Third Week of Advent: Dec. 12-18, 2021

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Alexander, Andy, S.J.
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2021-12-12
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en_US
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"Strengthen the hands that are feeble, make firm the knees that are weak, Say to those whose hearts are frightened: Be strong, fear not! Here is your God....." - Isaiah 3
Third Week of Advent|Sunday of the Third Week of Advent begins with the Prophet Zephaniah's announcement of liberation and God's presence among the people after decades of their own infidelity. In Luke's Gospel John the Baptist is the focus of the expectation in the people who come to him asking what to do. He exhorts them to integrity and charity and announces the one who is to come: "He will baptize you with the Holy Spirit and fire."|Monday is the Memorial of Saint Lucy, Martyr. Tuesday is the Memorial of Saint John of the Cross, Priest and Doctor of the Church.|We continue to focus on the first readings in this first part of Advent. From the Book of Numbers, we have the proclamation that "a star shall advance from Jacob..." Zephaniah is the prophet of impending doom, if the people don't abandon their idolatry. But this week we read about consoling healing, "on that day," when the Lord comes. Isaiah's message is full of promise: "Turn to me and be safe ... for I am God; there is no other!"|On Thursday, we reach the December 17th and in these last eight days of Advent the focus returns to the gospels with stories from Jesus' family in the time before he was born. Matthew's gospel offers the genealogy of Jesus' family. On the 18th we read Matthew's account of the nativity: Joseph decides to divorce the pregnant Mary until an angel appears to him in a dream, saying, "It is through the Holy Spirit that this child has been conceived in her." On the 19th, in the first chapter of Luke's gospel, Elizabeth and Zechariah struggle with their inability to have a child. They are told they will have a child named John who will be filled with the Holy Spirit. When Zechariah doubts, he is struck speechless.|The Fourth Sunday of Advent begins the last week of Advent, which takes us to Christmas on Saturday. The reading from Micah reminds us that of the seemingly unimportant town of Bethlehem, "from you shall come forth for me one who is to be ruler in Israel." Luke's gospel offers again the story of Mary's going to visit her cousin. Elizabeth understands immediately Mary's situation and praises God saying, "How does this happen to me, that the mother of my Lord should come to me? For at the moment the sound of your greeting reached my ears, the infant in my womb leaped for joy."
Daily Prayer This Week|Praying with the Third Week of Advent|This Third Week of Advent, our daily prayer continues to allow us to become much more concrete about naming our desires and preparing the way for the Lord. We begin this week with joy, knowing that our celebration of all the ways our Lord comes to us is near.|In these familiar readings is an invitation to us to ask again for help, perhaps especially in dealing with our fears. In many of this week's gospels an angel, a messenger from God reassures these holy but very human members of Jesus' family over and over: "Do not be afraid." Fear can come in between us and God when asking for the help we need in our lives.|In the midst of what our culture tells us should be a picture-perfect holiday season, we can step back and get in touch with our fears and ask God to help us deal with the relationships we are afraid of, the family tensions that make us apprehensive, and the stress that can take us out of the spirit of Advent reflection. If we pause for just a minute, we can feel in our hearts that Jesus is saying gently to us each day: "Do not be afraid."|These very busy days can still be a time for us to focus our desires, perhaps each morning at the side of our bed, while in the shower or while going about our daily errands. We can ask God to remind us again that what we are doing in our daily lives is touched by the sacred because God is present in even the most mundane tasks.|"Lord, let me place my trust in you. I get so independent and think I need to fix everything myself. Let me remember not to be afraid of so much and to ask you for the healing that my heart needs so badly. Give me the patience this week to deal with the relationships in my life that need mending and the forgiveness that I can give others and that I need so badly myself. Be with me through the darkness so that I can see the light that you bring to us and the joy with which you want to fill our hearts."|We are moving toward the end of our Advent journey. Even if we don't feel like we have "started" on Advent yet, we can begin today. We are being invited: "Do not be afraid!"|PAR:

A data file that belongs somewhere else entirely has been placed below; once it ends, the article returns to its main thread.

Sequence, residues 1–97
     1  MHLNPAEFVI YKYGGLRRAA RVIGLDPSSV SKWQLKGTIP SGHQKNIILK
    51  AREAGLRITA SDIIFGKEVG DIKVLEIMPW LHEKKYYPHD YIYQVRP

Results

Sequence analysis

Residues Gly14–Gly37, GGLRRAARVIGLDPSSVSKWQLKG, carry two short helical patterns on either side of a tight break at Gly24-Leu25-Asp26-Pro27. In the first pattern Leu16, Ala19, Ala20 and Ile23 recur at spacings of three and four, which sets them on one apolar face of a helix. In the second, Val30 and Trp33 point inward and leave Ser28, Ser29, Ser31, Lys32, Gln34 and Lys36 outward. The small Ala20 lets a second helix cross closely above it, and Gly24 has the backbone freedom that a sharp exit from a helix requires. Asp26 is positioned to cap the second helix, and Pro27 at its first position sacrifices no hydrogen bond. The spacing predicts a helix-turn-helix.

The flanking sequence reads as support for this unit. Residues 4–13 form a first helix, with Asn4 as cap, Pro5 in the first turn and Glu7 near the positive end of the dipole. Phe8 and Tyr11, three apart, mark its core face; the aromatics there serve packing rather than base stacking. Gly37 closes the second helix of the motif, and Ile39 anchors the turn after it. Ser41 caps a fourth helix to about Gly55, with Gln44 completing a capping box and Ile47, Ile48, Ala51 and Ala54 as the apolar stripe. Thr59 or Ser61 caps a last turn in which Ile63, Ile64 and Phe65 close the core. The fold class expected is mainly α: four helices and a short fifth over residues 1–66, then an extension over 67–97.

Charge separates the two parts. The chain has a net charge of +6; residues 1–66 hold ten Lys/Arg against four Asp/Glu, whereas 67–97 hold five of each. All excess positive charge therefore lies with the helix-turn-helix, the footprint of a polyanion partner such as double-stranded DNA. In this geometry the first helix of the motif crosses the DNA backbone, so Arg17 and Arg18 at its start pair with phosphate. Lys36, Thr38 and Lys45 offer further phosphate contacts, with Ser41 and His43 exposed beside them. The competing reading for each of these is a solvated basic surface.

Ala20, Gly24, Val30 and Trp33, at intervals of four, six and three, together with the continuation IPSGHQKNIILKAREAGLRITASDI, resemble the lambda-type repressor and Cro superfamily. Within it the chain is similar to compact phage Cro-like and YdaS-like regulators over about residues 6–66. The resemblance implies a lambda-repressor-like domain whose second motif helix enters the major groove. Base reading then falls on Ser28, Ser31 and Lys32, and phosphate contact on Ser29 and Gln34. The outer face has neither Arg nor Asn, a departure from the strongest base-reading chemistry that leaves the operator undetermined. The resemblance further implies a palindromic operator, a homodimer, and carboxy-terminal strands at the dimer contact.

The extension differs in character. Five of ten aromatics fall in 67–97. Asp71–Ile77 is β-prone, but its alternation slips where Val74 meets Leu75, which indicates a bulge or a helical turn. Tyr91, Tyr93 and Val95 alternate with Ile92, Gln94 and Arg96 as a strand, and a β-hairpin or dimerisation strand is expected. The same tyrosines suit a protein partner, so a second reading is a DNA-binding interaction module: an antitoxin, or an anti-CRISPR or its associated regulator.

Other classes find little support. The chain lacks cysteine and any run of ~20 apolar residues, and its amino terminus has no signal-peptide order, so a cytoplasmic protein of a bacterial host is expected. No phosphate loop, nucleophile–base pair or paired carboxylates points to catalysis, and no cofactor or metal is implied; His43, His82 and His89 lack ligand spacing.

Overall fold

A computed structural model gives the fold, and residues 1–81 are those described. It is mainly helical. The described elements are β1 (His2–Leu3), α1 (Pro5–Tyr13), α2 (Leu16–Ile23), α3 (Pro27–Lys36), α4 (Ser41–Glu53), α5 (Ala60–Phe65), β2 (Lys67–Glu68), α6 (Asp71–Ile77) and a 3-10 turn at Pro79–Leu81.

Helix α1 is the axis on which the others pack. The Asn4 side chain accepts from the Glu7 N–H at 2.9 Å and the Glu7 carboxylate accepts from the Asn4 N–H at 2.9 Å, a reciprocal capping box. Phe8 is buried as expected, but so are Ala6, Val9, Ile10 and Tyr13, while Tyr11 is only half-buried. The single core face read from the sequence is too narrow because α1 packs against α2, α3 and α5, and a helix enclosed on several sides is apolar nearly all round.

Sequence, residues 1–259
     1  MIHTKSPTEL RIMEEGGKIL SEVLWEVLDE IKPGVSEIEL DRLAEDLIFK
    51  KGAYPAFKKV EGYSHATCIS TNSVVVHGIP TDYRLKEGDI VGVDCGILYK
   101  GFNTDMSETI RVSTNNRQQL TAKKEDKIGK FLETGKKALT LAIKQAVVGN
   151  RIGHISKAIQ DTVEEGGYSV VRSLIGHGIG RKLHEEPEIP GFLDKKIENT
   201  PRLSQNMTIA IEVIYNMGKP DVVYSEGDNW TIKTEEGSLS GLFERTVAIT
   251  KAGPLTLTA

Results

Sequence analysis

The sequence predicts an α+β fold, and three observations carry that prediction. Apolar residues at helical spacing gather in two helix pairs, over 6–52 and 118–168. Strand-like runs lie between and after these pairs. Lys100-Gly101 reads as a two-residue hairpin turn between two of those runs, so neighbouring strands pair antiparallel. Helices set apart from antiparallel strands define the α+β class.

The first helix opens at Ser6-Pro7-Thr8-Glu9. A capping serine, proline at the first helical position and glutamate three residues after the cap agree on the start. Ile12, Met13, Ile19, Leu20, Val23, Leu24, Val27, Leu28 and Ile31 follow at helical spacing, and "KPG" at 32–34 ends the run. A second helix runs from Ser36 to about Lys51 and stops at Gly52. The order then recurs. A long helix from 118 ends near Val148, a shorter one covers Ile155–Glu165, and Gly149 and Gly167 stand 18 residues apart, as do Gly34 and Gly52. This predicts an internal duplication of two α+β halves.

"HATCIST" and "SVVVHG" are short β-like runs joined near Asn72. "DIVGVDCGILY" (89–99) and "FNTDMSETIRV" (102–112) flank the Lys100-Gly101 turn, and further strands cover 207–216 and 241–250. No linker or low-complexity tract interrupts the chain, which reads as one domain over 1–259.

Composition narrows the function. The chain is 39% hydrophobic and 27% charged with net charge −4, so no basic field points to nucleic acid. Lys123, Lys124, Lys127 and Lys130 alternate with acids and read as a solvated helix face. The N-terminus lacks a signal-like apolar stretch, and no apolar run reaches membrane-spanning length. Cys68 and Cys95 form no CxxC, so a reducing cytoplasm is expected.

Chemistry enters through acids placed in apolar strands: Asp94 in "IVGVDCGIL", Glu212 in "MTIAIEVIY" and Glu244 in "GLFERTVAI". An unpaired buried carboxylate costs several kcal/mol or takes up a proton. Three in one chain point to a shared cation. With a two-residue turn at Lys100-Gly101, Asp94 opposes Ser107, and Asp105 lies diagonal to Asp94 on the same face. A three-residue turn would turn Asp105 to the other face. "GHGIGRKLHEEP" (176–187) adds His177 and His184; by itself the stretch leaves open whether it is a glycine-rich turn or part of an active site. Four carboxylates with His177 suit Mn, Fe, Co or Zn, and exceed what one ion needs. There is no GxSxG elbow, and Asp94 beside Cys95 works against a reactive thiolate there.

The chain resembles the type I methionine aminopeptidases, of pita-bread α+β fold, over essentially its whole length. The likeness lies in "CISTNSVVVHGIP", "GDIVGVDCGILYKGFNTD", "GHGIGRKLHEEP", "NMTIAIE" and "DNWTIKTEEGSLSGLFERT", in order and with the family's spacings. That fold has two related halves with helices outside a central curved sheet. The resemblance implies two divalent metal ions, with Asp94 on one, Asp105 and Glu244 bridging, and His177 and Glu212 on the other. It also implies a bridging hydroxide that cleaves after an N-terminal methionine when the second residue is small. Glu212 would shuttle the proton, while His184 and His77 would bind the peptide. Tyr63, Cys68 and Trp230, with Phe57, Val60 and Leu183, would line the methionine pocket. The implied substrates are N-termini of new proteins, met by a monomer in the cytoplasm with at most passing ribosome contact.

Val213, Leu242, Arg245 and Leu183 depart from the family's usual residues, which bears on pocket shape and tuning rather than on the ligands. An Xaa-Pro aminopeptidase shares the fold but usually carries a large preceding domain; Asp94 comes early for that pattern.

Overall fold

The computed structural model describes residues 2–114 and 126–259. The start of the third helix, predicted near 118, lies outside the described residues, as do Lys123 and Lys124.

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University Ministry, Creighton University.
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These prayer guides may not be sold or used commercially without permission. Personal or parish use is permitted.
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